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Cyprus urged to crack down on labour exploitation

A Council of Europe report on Cyprus urged authorities to step up efforts against trafficking for the purpose of labour exploitation, among other measures recommended in a report published on Friday.

The report noted that the number of identified victims of trafficking for the purpose of labour exploitation has been on the rise in Cyprus, and urged authorities to step up efforts against this human rights violation, and improve protection for child victims.

In its second evaluation report, the Council of Europe’s Group of Experts on Action against Trafficking in Human Beings (GRETA) called on Cypriot authorities to strengthen supervision of private employment agencies, increase labour inspections, and improve protection measures for domestic workers.

“According to the staff of the Office of the Commissioner for Administration and Human Rights, there are some 30,000 migrant women employed as domestic workers in Cyprus,” the GRETA report said.

“The Commissioner has received many complaints about severe exploitation of domestic workers. GRETA was informed that complaints lodged by domestic workers tend to be treated as a disagreement between employer and employee and that, in practice, it is difficult for foreign domestic workers to prevail in a legal dispute with their employers. The Commissioner for Administration and Human Rights has made several proposals to amend labour law and practice in this regard, but so far to no avail.”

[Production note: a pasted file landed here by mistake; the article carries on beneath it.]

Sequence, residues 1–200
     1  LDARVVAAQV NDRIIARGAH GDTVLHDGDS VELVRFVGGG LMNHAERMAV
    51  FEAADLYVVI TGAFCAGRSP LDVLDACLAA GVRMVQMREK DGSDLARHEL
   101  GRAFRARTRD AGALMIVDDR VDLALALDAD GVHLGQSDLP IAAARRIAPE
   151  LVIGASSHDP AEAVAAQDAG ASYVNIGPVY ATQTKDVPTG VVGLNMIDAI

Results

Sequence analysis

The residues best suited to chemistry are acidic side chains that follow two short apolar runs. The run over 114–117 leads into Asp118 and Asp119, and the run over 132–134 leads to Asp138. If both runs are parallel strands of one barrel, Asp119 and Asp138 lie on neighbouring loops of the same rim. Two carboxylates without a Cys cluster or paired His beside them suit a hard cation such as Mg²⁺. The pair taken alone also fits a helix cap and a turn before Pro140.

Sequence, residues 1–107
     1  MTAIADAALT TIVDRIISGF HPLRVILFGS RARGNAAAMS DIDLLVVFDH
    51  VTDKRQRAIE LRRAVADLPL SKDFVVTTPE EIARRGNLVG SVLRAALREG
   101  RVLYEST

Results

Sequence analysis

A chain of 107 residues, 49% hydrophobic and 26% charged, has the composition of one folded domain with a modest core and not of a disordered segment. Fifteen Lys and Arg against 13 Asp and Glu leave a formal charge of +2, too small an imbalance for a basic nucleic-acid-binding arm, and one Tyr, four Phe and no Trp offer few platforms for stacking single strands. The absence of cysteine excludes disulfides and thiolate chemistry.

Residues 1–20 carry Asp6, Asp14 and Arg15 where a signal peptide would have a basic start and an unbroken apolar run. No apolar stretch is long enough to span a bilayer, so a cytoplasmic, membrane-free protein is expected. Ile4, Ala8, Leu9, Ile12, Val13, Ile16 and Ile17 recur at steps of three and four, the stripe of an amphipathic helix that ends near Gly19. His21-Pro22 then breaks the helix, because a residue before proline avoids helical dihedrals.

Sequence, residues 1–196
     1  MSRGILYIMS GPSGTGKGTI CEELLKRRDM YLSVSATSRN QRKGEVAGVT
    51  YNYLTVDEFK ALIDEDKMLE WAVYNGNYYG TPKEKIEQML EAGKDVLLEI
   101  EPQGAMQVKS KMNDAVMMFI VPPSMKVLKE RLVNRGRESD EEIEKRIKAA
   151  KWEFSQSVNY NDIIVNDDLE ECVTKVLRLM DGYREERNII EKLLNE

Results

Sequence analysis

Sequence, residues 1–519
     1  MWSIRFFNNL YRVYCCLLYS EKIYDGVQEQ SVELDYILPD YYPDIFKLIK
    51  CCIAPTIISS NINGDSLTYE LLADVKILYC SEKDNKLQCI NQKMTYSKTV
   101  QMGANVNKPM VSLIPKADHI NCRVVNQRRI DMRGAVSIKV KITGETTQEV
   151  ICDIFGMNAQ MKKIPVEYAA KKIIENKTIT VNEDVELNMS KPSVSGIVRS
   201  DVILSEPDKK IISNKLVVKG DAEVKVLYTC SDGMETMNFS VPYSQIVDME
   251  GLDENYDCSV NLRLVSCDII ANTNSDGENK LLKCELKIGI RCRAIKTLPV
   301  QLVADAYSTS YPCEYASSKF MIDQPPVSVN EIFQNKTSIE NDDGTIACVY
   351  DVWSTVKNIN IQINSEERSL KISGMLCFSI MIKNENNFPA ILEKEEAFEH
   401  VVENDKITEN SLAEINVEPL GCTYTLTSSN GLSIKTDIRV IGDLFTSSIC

Further, considering difficulties for victims of trafficking to receive compensation from perpetrators, GRETA urged Cypriot authorities to set up a victim compensation fund.

The expert group also recommended improving the procedure for the identification of child victims of trafficking, and their referral to assistance, by involving child specialists and child protection services.

In its report on Cyprus, GRETA praised progress made over the last four years in implementing the Council of Europe’s Convention on Action against Trafficking in Human Beings, following the publication of GRETA’s first evaluation report in September 2011.

The Cypriot authorities were commended for further developing the legal framework for combating trafficking in human beings, in accordance with GRETA’s recommendations, and for adopting a new, comprehensive anti-trafficking law to make measures more effective.

“The Commissioner for Children’s Rights’ concerns noted in the first GRETA report, that unaccompanied irregular migrant minors are at risk of becoming victims of [trafficking of human beings], were repeated during GRETA’s second visit,” the report noted.

“Those among them who are not asylum seekers remain in custody until travel documents have been issued. The official figures on the number of unaccompanied minors in holding centres for irregular migrants or refugees are often inaccurate and the Commissioner for Children’s Rights has published a report and made public statements in this regard, stating that a part of the problem is that the migration legislation is not sufficiently detailed. The UNHCR office in Cyprus shares these concerns as regards unaccompanied children, especially those of Somali or Syrian origin.”



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